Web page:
After reading over this, I'm not convinced I'm adding a lot to the discussion, but maybe that LOV issue will help someone, so I'm going to post it anyway.
What I guess I am looking for is a knowledge base of how to set up a nice RAC/APEX environment. This would also of course have tuning of your APEX application and HTTP server(s) to work best with RAC.
:>) Any tech docs, books, etc.
We have a half terabit of data with about 2,000 uses that use the applications daily.
I can go to my books on how to tune the database which is very dependant on sooo.... many things. Just as Jes says about APEX...
Most documentation I have found on APEX has been higher level so I have to go into the forum and ask basic questions until I get enough knowledge to ask deeper questions.
I can say I understand allot more than I did a few days ago thanks to this forum and all your responses.
Okay, Anton. You've got me on that one.
You did happen to pick an extreme (and I'll say isolated) case in Application Express where, if employed, performance could be sub-optimal. I specifically remembering when authoring that underlying function (text_from_lov) that it would not be ideal for performance, and the correct way for a customer to implement this would be as you suggest - joining to a table. In certain cases and with small data sets, this can be safely used. And for customers who know nothing about SQL or joins, this is more easily understood. But this sub-optimal case is certainly atypical for Application Express.
I can give an example which is similar in negative performance, but illustrates my broader point. A group wanted to rollout on our internally hosted server their application. They wanted to announce it on a Monday via e-mail to a couple thousand people. I had asked about what performance analysis was performed, and I repeatedly got back the answer that "it was perfectly tuned" - their page views were roughly 2 - 3 seconds. Finally, I went in and analyzed their application and some of their pages/queries. In about 5 minutes, I identified 3 separate queries which were employing multiple functions in the select clause, and each of these functions was performing another query. So for a given report, they thought they were performing a single query, when in fact, in some cases, they were performing over 12,000 queries - for a single report! That may give the illusion that it's acceptable for a single user, but when you have 2,000 people each trying to run reports which perform 12,000 queries apiece, performance will suffer for everyone and sparks will fly out of the data center. They eventually rewrote all of these reports and achieved < 0.25 second page view times.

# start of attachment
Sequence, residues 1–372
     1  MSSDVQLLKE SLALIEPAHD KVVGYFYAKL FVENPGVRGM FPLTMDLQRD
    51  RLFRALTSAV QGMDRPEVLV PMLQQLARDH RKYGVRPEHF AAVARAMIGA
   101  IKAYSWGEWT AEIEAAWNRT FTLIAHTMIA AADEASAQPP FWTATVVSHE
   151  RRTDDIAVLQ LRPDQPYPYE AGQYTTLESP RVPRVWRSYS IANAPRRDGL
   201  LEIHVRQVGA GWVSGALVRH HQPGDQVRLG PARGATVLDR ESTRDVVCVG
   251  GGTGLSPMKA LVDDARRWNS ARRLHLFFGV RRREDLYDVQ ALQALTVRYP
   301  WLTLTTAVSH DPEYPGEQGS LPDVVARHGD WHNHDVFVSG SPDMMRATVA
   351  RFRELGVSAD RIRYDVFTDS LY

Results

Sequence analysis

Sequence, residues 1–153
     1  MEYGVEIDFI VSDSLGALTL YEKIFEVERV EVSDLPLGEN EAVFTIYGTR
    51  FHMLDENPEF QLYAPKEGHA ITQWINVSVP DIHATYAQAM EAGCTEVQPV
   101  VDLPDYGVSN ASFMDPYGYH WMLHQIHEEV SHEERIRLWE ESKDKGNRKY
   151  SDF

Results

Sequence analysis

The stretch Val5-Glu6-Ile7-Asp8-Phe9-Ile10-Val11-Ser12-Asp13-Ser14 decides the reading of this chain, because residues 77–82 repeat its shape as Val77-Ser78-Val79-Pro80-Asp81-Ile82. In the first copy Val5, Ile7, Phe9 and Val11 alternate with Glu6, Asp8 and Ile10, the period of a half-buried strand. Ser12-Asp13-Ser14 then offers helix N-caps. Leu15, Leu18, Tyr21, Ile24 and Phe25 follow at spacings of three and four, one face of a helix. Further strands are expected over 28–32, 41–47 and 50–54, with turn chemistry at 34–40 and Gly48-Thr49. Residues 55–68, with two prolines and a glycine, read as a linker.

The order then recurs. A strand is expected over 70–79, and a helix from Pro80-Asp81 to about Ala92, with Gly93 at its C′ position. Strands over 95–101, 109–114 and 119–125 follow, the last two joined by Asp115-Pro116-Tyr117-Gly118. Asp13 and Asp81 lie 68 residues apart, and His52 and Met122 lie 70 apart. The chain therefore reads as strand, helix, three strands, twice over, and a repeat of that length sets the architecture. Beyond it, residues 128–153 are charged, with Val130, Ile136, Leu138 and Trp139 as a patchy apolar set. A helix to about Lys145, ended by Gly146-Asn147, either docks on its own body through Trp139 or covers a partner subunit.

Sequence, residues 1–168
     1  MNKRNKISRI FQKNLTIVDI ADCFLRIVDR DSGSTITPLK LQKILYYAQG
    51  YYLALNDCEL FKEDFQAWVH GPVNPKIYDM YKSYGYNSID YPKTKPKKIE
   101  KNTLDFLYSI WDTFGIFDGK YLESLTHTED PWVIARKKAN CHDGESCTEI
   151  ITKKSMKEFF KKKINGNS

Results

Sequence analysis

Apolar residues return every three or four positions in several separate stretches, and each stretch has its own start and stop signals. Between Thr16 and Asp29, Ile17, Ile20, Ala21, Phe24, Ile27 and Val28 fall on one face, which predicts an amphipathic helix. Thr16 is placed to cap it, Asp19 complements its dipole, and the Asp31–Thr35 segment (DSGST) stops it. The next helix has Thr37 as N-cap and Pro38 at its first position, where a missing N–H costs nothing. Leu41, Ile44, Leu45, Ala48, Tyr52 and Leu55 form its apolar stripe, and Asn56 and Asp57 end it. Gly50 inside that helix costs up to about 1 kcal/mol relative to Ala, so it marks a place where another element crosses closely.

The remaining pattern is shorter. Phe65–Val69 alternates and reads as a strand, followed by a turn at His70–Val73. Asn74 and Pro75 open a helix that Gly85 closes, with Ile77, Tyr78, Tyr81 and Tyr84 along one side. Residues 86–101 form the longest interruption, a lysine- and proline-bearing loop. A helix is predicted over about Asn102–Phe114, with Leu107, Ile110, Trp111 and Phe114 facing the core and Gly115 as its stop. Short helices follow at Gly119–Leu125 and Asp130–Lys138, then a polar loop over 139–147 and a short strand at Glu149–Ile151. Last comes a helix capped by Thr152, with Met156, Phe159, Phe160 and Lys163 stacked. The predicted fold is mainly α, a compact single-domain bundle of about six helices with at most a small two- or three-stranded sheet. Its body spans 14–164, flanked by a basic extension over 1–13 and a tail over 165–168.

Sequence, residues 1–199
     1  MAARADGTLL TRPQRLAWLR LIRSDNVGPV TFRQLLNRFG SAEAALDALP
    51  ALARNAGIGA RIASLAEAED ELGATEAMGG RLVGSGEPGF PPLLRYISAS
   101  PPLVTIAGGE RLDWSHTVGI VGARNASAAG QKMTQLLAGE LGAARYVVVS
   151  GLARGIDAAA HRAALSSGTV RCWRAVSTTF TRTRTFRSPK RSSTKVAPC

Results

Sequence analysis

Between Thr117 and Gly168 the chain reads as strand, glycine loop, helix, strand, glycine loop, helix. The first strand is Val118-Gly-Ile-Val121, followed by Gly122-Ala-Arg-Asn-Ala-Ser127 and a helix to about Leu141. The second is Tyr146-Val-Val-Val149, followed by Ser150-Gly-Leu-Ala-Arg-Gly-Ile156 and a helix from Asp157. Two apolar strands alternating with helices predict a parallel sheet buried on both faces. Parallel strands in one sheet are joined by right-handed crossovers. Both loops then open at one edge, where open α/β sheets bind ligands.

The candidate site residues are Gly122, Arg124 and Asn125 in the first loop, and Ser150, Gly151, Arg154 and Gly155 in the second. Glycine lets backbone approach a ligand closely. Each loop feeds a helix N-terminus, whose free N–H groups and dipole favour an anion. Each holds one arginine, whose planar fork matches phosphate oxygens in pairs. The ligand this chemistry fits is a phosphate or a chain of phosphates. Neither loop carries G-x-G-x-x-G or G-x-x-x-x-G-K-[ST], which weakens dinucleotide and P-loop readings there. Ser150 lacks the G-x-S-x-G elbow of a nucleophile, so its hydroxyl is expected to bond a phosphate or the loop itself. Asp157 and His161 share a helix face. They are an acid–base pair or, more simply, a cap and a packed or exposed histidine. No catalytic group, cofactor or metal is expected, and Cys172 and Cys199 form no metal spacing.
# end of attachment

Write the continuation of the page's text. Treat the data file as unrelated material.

My point? In general, I've found that most "Application Express performance problems" are usually application tuning problems and/or database tuning problems.
I'm not trying to de-sell Oracle products, but why are you convinced that you need to go down the RAC route?
What is your maximum number of active database sessions for this 2,000 user population? Can anything be done to improve the response time (as I said before, 2 seconds is a very long time)?
There's a simplistic formula I cooked up for this Oracle Magazine article:
Basically, given the number of CPUs and the number of expected page views you expect per minute, you can calculate what your target page view time needs to be. Anything greater than this, and you'll have users waiting.
As an Oracle shareholder, I'm all for you going down the RAC route. But given the finite details of your situation, I believe your issues may be rectified through analysis and tuning.
I'm all about picking extreme cases! It may not always be obvious in my posts, but I'm also an extreme advocate of Apex.
P.S. I tend to read any post I see your name on because it is sure to be valuable, so you get some of my most obscure concerns in return.
That was a good article! Yes, that will narrow down where to give our attension.
As far as the RAC, it is already purchased and scheduled to be installed because they are scaling up on many applications, APEX, Oracle 6i, J2EE, many data loads, extracts to warehousing, etc.
APEX is my area which I'm gaining more and more knowledge in this gleaning trying to answer the questions of the group I'm with at this time.
Now, if there were articles on configuring multiple webservers, clustering webcache and RAC all based on APEX I would be in great shape!
Thank you for your input! Bill